Rebound insomnia and anxiety: Upon termination of treatment may be a transient syndrome whereby the symptoms that led to treatment with a benzodiazepine recur in an enhanced form. It may be accompanied by other reactions including mood changes, anxiety or sleep disturbances and restlessness. Since the risk of withdrawal phenomena / rebound phenomena is greater after abrupt discontinuation of treatment, it is recommended to reduce the dose gradually.
Duration of treatment
Treatment duration should be as short as possible (see section 4.2. Posology and method of administration). The overall duration of treatment generally should not be more than 8-12 weeks, including the reduction of the dose. This period should not be extended without reassess the situation.
May be useful in early treatment to inform the patient, the duration will be limited and to explain precisely how the dose will be reduced gradually. It is also important that the patient be aware of the possibility of rebound phenomena, thereby minimizing anxiety when these symptoms occur after discontinuation of the drug.
There is evidence that benzodiazepines with a short duration of action, withdrawal phenomena can become manifest within the dosage interval, especially when the dosage is high. When using long-acting benzodiazepines, it is important to warn against changing to a benzodiazepine with a short duration of action, as it can develop withdrawal symptoms.
Benzodiazepines may induce anterograde amnesia. Anterograde amnesia may occur using higher therapeutic dosages (documented at 6 mg), the risk increases with higher doses. Amnestic effects may be associated with inappropriate behavior. The condition occurs most often several hours after ingesting the product and therefore to reduce the risk, patients must provide 7-8 hours of uninterrupted sleep (see section 4.8. Undesirable effects).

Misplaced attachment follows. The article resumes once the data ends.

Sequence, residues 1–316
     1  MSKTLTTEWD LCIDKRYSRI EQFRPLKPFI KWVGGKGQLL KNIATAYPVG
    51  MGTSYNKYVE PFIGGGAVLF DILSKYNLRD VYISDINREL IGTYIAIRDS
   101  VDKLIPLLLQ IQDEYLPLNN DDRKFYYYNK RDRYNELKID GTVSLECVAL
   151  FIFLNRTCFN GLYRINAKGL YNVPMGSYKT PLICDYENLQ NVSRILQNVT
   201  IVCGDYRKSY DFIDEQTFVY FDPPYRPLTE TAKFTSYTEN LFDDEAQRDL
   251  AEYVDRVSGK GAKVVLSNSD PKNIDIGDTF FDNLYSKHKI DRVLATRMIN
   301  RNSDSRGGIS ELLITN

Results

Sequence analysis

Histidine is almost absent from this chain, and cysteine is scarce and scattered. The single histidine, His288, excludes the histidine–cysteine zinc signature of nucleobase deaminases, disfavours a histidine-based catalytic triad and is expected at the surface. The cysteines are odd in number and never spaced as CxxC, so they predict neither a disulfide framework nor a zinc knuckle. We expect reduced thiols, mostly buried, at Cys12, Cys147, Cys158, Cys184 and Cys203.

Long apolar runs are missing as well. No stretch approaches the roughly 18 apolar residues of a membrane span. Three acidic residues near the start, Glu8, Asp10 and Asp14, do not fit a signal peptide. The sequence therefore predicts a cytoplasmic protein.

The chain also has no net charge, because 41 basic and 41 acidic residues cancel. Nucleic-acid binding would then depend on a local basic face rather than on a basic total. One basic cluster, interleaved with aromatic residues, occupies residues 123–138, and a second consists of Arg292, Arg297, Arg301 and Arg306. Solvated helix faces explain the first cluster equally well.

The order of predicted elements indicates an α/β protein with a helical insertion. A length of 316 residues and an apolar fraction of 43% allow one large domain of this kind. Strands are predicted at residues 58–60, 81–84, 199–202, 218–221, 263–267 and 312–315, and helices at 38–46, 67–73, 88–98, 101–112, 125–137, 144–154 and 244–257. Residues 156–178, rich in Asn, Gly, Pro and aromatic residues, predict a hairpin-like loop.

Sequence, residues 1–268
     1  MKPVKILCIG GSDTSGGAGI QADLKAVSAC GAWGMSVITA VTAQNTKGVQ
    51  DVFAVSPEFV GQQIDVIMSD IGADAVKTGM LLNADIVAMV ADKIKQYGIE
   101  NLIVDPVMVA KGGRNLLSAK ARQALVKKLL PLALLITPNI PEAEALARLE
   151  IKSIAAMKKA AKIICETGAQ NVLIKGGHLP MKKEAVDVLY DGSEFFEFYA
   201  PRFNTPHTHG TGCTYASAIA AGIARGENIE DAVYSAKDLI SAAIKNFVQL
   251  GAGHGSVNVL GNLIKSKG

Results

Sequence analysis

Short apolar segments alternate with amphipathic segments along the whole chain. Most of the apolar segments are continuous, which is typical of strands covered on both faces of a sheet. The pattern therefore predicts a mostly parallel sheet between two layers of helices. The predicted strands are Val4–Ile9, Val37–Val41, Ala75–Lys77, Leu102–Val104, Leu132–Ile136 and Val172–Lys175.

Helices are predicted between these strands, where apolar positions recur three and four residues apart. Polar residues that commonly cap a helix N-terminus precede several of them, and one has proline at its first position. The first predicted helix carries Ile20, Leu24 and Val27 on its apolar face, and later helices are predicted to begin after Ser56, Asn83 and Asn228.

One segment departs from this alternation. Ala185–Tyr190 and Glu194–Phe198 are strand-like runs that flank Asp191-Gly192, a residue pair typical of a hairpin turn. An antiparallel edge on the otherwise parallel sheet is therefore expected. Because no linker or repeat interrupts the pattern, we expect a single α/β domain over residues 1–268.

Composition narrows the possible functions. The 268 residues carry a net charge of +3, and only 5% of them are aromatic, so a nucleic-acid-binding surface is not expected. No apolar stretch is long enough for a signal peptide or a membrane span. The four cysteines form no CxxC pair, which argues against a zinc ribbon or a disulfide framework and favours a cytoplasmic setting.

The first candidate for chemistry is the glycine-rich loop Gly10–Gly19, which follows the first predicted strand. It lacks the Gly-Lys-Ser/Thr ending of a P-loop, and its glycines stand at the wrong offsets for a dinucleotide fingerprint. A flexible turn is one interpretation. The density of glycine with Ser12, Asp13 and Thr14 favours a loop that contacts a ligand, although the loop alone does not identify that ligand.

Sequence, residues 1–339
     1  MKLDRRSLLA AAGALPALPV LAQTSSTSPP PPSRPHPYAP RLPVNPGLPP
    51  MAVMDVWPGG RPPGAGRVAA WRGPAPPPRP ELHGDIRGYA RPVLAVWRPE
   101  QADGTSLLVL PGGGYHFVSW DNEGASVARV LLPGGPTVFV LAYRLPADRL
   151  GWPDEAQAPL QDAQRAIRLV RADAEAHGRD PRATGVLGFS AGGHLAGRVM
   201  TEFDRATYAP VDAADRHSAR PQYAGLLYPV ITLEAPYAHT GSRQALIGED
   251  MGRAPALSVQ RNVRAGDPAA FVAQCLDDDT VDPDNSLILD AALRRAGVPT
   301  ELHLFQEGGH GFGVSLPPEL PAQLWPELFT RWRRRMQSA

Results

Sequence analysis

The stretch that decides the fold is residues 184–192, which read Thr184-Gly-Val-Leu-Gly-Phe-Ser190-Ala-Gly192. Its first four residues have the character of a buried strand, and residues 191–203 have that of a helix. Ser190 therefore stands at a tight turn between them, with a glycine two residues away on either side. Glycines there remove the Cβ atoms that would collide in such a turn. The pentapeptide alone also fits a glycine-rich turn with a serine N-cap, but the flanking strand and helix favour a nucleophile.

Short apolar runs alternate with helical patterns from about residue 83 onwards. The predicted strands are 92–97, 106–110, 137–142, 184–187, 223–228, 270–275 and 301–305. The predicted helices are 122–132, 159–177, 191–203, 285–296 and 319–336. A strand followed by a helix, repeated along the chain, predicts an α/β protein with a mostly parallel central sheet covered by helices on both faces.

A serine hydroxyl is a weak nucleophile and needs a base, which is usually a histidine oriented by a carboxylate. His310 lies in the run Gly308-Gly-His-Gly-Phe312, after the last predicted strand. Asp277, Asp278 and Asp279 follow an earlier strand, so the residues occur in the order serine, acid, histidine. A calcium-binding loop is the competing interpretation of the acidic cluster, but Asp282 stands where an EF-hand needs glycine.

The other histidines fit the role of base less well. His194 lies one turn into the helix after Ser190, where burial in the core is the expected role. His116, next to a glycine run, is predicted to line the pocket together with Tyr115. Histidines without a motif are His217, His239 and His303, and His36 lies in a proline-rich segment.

Psychiatric and "paradoxical"
It is known that the use of benzodiazepines may occur reactions such as anxiety, agitation, irritability, delusions, anger, nightmares, hallucinations, psychoses, inappropriate behavior and other adverse behavioral effects. If this occurs, the drug should be discontinued.
More likely to occur in children and the elderly. Specific patient groups
Benzodiazepines should not be given to children without careful assessment of the need. The duration of treatment should be minimal. Of elderly patients should be given a reduced dose (see section 4.2. Posology and method of administration). A lower dose is recommended for patients with chronic respiratory insufficiency due to the risk of respiratory depression. Benzodiazepines are not indicated for treatment of patients with severe liver failure, as they may cause encephalopathy.
Benzodiazepines are not recommended for the primary treatment of psychotic illness.
Benzodiazepines should not be used alone to treat depression or anxiety associated with depression (such patients may trigger suicidal ideation). Patients with known or presumed dependence on alcohol or drugs should not take benzodiazepines, except in rare situations under medical supervision.
4.5 Interaction with other medicinal products and other forms of interaction
Not recommended: Concomitant use of alcohol,
Sedative effects may be enhanced when the product is used in combination with alcohol. This may affect the ability to drive and use machines.
Interactions which should be taken into account: Combination with CNS depressants